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IPS hosts national Infusion Conference

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The 20th Annual Conference on Infusion of History and Culture in the school curriculum will take place Thursday, Oct. 18, 2007 at Crispus Attucks Medical Magnet High School, 1140 Dr. Martin Luther King Jr. St.

The Indianapolis Public Schools Office of Multicultural Education is elated about the timely topics to be discussed at this year’s convention.

“The conference is designed with the village concept in mind and is relevant for educators, parents, community residents, university personnel, policymakers, labor unions, business representatives, churches, and government officials,” said Pat Payne, conference director and director of the IPS Office of Multicultural Education.

This year’s event is themed “Continuing the Legacy: Educating, Empowering, Embracing All Students.” Despite one’s color, creed or race, education is a form of communication and knowledge that experts say can be used to break all barriers and to address many social issues.

“In order to understand and address the problems of educational neglect and social injustice, we must stop playing the blame game and come together to discuss the challenges, confront the pitfalls, and develop strategies that respond to the unique needs of a diverse population of students and families,” emphasizes Payne.

“Continuing the Legacy” is open to anyone interested in acknowledging the need for a broader educational base and other avenues of transformation in the school systems for the children’s sake.

Several prominent scholars will take part in the conference. Featured speaker Dr. Lisa Delpit, executive director of the Center for Urban Education and author of Other People’s and The Skin We Speak, is known for her abilities to teach in an array of culturally diverse settings and will address issues surrounding the educational system.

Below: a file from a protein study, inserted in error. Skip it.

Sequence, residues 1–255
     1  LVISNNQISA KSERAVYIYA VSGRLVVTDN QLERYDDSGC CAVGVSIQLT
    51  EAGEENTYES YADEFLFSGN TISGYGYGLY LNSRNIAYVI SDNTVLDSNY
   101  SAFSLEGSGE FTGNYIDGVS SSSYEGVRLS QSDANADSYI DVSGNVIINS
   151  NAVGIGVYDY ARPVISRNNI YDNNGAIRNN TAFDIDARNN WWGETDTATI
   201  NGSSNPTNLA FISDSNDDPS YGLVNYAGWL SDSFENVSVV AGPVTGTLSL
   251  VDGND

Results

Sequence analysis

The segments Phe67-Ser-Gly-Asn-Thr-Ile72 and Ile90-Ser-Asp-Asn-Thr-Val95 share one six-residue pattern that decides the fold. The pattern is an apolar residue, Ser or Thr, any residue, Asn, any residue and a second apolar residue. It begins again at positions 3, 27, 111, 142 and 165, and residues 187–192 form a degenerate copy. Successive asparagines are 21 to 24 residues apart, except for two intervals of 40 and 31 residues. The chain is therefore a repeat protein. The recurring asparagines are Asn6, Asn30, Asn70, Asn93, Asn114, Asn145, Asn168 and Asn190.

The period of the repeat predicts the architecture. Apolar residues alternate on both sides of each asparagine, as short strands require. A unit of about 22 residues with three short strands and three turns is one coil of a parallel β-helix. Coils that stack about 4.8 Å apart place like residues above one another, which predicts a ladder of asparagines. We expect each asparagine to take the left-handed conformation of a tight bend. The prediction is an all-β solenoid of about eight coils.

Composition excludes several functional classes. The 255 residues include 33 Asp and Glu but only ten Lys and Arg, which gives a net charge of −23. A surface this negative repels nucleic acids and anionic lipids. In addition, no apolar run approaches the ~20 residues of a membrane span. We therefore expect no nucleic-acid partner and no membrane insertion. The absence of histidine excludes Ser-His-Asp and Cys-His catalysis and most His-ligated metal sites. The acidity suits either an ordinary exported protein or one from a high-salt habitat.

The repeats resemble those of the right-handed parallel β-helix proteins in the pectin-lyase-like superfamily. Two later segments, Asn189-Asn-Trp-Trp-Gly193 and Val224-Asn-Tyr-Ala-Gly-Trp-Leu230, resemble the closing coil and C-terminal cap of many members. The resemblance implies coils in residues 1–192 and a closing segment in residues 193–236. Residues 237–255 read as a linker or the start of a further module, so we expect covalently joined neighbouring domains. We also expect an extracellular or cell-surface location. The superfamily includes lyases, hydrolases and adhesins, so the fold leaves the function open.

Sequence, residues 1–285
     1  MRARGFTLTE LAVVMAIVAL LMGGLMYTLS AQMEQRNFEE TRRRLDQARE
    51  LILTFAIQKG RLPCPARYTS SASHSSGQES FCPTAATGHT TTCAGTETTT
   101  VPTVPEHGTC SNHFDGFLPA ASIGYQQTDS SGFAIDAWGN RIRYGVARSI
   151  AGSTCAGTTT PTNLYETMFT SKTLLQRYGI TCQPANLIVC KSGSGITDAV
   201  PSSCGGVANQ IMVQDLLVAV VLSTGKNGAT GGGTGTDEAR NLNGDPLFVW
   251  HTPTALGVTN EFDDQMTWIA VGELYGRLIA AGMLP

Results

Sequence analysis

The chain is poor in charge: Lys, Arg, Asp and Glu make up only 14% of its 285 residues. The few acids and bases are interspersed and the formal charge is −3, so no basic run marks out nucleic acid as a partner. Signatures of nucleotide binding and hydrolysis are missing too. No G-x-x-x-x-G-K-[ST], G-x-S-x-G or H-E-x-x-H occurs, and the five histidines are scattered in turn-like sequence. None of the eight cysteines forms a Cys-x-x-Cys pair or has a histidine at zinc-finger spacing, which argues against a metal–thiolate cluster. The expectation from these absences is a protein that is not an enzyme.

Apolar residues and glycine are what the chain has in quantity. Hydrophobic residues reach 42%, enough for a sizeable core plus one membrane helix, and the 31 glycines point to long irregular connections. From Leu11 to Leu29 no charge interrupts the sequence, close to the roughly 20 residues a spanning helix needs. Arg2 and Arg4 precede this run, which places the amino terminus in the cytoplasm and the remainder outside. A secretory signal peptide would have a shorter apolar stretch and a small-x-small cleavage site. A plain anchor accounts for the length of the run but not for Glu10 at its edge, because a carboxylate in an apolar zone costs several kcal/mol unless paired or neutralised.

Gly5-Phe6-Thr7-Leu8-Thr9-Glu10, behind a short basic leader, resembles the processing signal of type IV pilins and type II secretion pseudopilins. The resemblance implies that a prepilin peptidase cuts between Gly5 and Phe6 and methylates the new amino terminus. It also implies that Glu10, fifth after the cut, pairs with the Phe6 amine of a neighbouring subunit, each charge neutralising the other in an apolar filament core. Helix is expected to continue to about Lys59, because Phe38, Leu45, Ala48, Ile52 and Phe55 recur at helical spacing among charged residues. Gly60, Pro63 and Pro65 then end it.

“To bring in prominent speakers is the life-blood of this event, we want the best of the best in the filed to facilitate, educate and inform,” said Robert Chester, assistant curator of the Crispus Attucks Museum.

Payne also agrees with Chester as she emphasizes the importance of bringing in practitioners of substance to show the community the seriousness of the issues.

“I have been trying to get Dr. Delpit to this conference for over five years to show the quality of the people that we bring in. She deals with how far too often educators have low expectations of students of color and students in poverty,” said Payne. “They think that poverty and stupidity are one in the same.”

Brandon Cosby, Senior Fellow for High School Transformation at the Center of Excellence in Leadership and others will also lead discussions, demonstrations and workshops.

As an event that started with 75 people it has now grown to more than 700 people attracting parents, practitioners and large numbers of students. IUPUI along with other universities will be sending students and staff to this year’s conference.

“We want people to see this achievement gap that they are talking about is not going to go away as long as we have people working with our children who have low expectations,” said Payne. “They don’t know of the genius that is inside of our children.”

For more information on the 20th Annual Conference on Infusion of History and Culture call (317) 226-2430. Registration deadline is Oct.15.

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